Is there even a difference? I think there is. To me, the two words have wildly different connotations. And if you ride a motorbike, you’ll be somewhere on the biker vs motorcyclist spectrum. There’s no right or wrong side and many people might consider themselves to be just either side of centre, rather than at either of the extreme ends; which is also fine. You might already know exactly where you are on the spectrum. But if you don’t, then this might help you determine where you are, should anyone ever ask*.
Get your chopper out
Do you own a Harley Davidson? Are your handlebars higher than your head? If they are, that’s absolutely fine, and you probably already know this, but you’re right at the ‘biker’ end of the spectrum. Those amongst us who are predisposed to prejudice would expect people like you to enjoy getting tattoos, drinking too much beer and beating people up. But I’m sure that’s not the case for the vast majority of you.
It is possible to be a biker, or certainly on the biker side of the spectrum, without having a beard, numerous tattoos, or a knuckle-duster. You might just like Harley Davidsons, or like the idea of being in a club with matching jackets.
Tassels or textiles?
It’s not just the chopper-holics that constitute the biker fraternity. You can get away with riding quite a variety of bikes, and still be considered a biker, rather than a motorcyclist. Especially if you know what to wear. Beards, leather jackets and oil stained jeans are definitely in. And if you’ve got anything with tassels fastened to it, even better.
But not everybody wants to be seen as a biker. For others, the designation ‘motorcyclist’ is more appropriate. If you want to know which of your friends are motorcyclists, this is a very crude rule of thumb: if they wear textiles when riding their bike (even if their bike is a bit ‘biker-y’), they’re probably a motorcyclist. Likewise, a flip-up helmet is a dead giveaway.
Sit up and beg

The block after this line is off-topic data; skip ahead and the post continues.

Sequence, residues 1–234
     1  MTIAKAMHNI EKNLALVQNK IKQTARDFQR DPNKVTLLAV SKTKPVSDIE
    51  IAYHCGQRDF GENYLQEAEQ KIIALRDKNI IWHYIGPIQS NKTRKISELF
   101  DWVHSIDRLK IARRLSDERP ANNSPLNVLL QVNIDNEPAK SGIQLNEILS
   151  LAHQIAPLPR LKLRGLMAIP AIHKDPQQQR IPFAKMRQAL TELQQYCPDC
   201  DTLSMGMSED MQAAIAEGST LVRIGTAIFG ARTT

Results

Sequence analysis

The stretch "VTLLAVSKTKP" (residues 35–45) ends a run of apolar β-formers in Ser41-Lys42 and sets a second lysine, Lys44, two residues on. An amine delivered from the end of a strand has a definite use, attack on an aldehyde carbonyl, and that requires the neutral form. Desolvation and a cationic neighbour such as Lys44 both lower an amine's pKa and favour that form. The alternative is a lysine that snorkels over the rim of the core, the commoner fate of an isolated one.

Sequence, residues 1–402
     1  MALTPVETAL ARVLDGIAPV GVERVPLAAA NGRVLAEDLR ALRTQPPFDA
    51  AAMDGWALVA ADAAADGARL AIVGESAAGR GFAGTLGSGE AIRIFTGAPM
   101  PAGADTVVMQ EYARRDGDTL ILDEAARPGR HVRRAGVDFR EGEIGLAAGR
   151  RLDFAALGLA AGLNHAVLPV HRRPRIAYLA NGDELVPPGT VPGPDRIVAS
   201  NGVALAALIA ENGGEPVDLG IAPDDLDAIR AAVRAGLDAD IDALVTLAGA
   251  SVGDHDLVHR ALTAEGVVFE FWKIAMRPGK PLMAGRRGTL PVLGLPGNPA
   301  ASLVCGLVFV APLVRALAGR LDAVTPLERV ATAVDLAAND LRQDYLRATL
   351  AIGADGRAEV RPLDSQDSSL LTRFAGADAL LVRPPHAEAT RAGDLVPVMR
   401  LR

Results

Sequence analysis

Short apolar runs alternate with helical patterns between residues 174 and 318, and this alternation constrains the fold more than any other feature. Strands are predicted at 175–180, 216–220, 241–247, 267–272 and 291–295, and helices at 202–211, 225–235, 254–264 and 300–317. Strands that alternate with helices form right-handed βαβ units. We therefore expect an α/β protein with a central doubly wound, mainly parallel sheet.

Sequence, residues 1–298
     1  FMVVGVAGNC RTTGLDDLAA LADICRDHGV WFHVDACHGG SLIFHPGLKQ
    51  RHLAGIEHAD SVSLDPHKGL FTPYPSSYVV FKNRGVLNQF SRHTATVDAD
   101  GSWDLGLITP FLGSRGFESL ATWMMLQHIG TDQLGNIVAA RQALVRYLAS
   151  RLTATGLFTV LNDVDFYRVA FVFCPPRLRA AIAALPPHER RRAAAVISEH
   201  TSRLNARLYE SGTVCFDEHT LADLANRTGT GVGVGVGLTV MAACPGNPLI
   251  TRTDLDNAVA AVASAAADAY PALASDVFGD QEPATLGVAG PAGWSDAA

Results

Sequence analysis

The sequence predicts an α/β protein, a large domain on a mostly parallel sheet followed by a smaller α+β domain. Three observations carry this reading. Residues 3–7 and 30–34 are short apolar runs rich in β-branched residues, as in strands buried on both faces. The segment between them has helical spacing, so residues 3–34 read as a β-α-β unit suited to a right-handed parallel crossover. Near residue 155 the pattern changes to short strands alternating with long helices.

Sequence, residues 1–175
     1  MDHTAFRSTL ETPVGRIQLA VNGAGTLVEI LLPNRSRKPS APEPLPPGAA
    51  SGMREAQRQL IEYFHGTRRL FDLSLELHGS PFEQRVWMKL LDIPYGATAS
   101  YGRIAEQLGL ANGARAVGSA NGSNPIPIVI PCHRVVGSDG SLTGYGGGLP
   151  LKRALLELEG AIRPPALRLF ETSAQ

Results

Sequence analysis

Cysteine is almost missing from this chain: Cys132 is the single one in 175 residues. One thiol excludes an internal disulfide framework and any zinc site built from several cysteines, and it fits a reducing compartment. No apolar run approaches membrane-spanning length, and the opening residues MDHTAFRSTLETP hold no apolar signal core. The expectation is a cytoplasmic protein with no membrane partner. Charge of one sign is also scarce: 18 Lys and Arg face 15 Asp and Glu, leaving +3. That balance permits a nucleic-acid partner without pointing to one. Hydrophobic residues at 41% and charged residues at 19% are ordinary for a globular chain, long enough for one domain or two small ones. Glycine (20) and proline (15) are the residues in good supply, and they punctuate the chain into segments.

But the most important thing you need to do is look at the bike they’re riding. Essentially, the more practical the bike is, the closer to the motorcyclist end of the spectrum they’re likely to be. I’m talking about luggage carrying capability, electronic aids, does it have a centre stand? That kind of thing. It’s things like BMW GSs, Honda Gold Wings, bikes of that ilk.
But it’s certainly not limited to that kind of bike. Because being a motorcyclist isn’t just about the kind of bike you ride, or the kind of gear you wear; it’s a way of life. And you don’t ride to look cool, or hard, you ride because you absolutely love it. You’re idea of a holiday isn’t sunning yourself on an Ibiza beach for a fortnight, it’s packing a week’s worth of pants and socks into your paniers and heading for the hills.
None of the above
As I said, most of us are neither at the biker nor the motorcyclist end of the spectrum, we are somewhere in the middle. In fact most of the people I know are fairly fluid with it all, one day planning a route, double checking they’ve got a pressure gauge in one of the many pockets in their textile jacket, and heading out on an adventure; the next day swinging their legs over a hog and rumbling down to the strip club. Ok, maybe that’s not what everyone does, but the point is that if you want, you can do both. Because both are absolutely fine.
And you can also do neither. I don’t really do any of that stuff (for the most part) and I consider myself right in the middle of the spectrum. I wouldn’t describe myself as a biker or a motorcyclist. I’m just a bloke who likes riding bikes. And that’s absolutely fine too.
*Spoiler alert, they probably won’t.